M1M1 Treasure Hunt

The M1M1 treasure hunt, weeks 5-6

Chapter 3: The Matryoshka Matrix

"Morning!" breezed Ann, as she eagerly entered the blue box once more.
"Who are you?" asked the baffled Doctor slumped behind his desk.
Ann was momentarily nonplussed, but swiftly took control.
"You may call me Ann. I'm a time traveller. I usually confine myself to moving into the future at about 600000 seconds per week. It's only natural for you to find this disorientating at first, but you'll get used to it. You haven't met me yet, but you will a few weeks ago and we got on well. Oh, and amazingly, my room is the same size inside as out, allowing for the thickness of the walls."
"Are you sure we got on? I didn't find you at all disrespectful and flippant?"
"No, why would you?" Ann smiled disarmingly. "You promised to take me to a formative time in the development of our lecturer's interest in Algebra."
"I did? I mean, I will? I suppose I better had then, as I might already have done." And so saying he began to fiddle with the controls.

While waiting for the outcome, Ann asked "Why did you travel two weeks into the future anyway?"
"It's complicated - to do with College politics. I believe there's another time machine somewhere, owned by my evil Nemesis. You haven't noticed another blue box, much bigger than this one, anywhere around have you?"
"I'm afraid not. Well, apart from The Blue Cube on the walkway, of course."
"What? Where? I knew it! Is it an exact cube? I bet it isn't - I know these embodiments of evil. It'll be a cuboid, with width w, depth d and height h. Three of the vertical walls will be covered in solar panels, disguised as dark blue windows. The total surface area of these panels will be fixed at 4h, in suitable units. Given this, w and d will have been chosen to give the maximum possible total volume, which is
. ?

But I'll worry about that later," the Doctor concluded. He flipped the switch and the lights flickered.
Ann opened the door and beheld a city street at dusk, with snow swirling around a lit window. Through a gap in the curtains a young boy could be seen playing with a bookcase. Dr Hu and Ann moved closer to see what he was doing.

The boy couldn't quite reach the top shelf of a bookcase and so he left it alone. He then systematically rearranged the 2nd row of books leaving a gap on the far left. Having dealt with that shelf to his satisfaction, he started on the one below, this time leaving a still larger gap. And so he continued his operations, until the array of books had a distinctively triangular appearance. With an enquiring air and surprising strength, he lifted up the bottom left corner of the bookcase and rolled it over until the top row of books was now at the bottom. He seemed oblivious to the resultant crashing to the floor of a small samovar, a collection of self-similar, hollow wooden dolls, a vodka bottle and other stereotypical paraphernalia.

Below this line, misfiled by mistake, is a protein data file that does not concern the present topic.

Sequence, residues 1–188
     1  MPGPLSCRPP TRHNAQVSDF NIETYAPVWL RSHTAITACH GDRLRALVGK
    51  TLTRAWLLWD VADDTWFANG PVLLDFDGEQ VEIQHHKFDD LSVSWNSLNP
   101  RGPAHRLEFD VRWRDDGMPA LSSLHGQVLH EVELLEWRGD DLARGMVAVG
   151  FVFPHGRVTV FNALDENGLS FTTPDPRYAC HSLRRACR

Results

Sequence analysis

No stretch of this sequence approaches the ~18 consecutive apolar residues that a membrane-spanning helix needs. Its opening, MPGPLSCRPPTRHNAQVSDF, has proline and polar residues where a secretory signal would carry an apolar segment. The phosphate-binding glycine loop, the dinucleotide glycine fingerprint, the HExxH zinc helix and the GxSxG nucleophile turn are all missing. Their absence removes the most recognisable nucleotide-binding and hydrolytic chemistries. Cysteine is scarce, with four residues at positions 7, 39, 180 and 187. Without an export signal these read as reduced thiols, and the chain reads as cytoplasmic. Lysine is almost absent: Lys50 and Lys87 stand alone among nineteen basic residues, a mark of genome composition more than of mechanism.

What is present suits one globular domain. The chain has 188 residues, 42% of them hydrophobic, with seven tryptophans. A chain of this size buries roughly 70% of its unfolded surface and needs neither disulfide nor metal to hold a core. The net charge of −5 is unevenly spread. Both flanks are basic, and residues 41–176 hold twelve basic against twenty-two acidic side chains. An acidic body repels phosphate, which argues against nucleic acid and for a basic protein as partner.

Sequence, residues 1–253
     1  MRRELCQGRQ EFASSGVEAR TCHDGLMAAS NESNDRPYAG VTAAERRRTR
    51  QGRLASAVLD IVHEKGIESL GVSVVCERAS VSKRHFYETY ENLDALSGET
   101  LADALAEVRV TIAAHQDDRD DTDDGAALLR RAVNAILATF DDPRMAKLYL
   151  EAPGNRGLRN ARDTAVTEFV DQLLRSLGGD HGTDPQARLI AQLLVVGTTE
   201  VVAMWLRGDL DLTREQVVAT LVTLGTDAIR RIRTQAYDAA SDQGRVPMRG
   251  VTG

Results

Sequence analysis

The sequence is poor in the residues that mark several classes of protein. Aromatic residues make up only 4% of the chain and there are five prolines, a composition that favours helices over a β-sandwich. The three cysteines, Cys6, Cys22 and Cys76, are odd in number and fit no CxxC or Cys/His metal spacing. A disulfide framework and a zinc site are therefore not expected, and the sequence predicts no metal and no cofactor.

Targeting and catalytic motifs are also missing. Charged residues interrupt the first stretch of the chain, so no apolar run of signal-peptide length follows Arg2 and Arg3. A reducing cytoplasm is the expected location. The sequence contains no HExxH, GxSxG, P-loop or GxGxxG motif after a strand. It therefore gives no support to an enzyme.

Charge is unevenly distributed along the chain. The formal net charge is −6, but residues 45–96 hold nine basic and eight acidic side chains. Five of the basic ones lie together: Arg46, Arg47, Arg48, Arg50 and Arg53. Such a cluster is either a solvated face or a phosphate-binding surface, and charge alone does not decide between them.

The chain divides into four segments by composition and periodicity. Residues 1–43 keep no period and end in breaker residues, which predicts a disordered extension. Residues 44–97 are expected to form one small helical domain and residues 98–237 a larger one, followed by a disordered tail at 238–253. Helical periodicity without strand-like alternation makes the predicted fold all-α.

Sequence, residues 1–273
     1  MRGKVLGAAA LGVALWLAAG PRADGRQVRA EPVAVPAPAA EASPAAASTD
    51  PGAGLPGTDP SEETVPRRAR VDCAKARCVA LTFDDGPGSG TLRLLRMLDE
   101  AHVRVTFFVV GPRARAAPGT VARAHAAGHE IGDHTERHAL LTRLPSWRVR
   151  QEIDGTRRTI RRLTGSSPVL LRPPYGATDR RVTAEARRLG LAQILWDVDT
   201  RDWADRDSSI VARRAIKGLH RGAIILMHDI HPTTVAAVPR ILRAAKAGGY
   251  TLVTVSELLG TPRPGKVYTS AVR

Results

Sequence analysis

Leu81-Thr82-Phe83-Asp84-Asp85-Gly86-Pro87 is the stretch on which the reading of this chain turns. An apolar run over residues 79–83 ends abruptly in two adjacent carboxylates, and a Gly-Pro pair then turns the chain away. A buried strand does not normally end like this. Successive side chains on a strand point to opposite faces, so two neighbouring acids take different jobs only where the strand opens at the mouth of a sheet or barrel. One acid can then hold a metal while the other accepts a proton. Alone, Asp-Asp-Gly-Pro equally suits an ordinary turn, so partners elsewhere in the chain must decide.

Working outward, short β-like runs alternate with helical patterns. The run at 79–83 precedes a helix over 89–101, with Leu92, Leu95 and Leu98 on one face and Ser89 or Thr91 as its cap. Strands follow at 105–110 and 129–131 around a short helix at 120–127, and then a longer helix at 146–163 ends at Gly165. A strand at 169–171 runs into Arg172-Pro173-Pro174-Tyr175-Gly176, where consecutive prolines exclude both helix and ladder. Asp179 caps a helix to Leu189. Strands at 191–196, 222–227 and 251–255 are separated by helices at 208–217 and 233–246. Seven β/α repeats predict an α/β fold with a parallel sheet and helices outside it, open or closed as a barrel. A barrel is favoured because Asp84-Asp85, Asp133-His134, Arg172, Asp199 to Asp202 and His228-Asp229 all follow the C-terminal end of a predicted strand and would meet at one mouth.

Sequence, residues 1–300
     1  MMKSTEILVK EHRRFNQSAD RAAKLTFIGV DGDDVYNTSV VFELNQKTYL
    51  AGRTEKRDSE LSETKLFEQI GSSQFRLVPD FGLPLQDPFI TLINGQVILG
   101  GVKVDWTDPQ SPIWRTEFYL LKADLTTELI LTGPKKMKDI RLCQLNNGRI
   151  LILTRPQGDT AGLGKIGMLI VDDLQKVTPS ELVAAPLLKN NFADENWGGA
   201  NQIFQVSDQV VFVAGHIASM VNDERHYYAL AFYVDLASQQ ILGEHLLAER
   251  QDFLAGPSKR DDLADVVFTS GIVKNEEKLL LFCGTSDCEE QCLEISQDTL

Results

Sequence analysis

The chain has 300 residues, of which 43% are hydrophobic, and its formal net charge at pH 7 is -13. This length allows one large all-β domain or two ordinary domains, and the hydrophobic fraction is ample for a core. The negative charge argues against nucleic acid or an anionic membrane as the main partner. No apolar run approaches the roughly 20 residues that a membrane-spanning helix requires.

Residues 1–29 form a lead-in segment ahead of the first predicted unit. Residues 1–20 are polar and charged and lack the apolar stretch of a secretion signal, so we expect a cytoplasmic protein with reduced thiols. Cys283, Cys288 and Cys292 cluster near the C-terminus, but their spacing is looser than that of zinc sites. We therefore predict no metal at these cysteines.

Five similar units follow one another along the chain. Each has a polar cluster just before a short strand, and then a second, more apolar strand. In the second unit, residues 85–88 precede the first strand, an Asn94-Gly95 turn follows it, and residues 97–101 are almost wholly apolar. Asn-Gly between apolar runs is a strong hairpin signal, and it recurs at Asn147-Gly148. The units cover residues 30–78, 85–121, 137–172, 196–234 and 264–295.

"Непослушный мальчик!" screamed a voice from next door, and an adult figure ran in.
"What does that mean?" whispered Ann.
"Oh don't worry - the automatic translation feature will soon cut in - it's an essential plot device," the Doctor reassured her. Sure enough, after a slight delay, the boy burst into tears and cried
"I only wanted to see if the array was invertible!"
"Well you put all the books back as they were right now, Alexei, or it's straight to bed with you," his parent scolded, rashly replacing the dolls, samovar and surprisingly unbroken bottle on top of the inverted case.
The boy examined the books, most of which were now the wrong way up, and considered the best way of righting them all. With a delighted smile, he realised all his previous steps were reversible and reached for the bottom right corner of the case....

"Yes, I can see that would have been a formative experience," mused Ann, as they retreated from the loud and unhappy after-math.
So what are you doing in lectures now?" asked the Doctor once they were out of the cold.
"Differentiation. It's so easy. For example, the 6th derivative of x3e2x evaluated at x = 0 is

." ?

"Bah! Everything's either too easy or too hard. Try this. Can you think of a function which is equal to its 4th derivative? Of course you can. There are millions of them: cos(x+1), sin(x), cosh(x), 2sinh(x), 2ex, -5e-x...so choose any 4 of them; make sure they're linearly independent, and write them in the top row of a 4 x 4 matrix."
"OK, I've done that. Am I going to do some row operations like the young Professor out there?"
"Sort of. You're going to differentiate the first row, and write the answers in the 2nd row. Then you're going to differentiate the 2nd row and write the answer in the 3rd row. Finally differentiate the 3rd row and write the answers in the 4th row. You get it? So each column consists of one of those functions and its first 3 derivatives."
"Done that too. But I'm unhappy about where this is heading - I'm not even going to try to invert this matrix," said Ann.
"Nothing so major. You just have to take the determinant of the 4 x 4 matrix. And then differentiate the answer. While you're working it out, I'll take us home."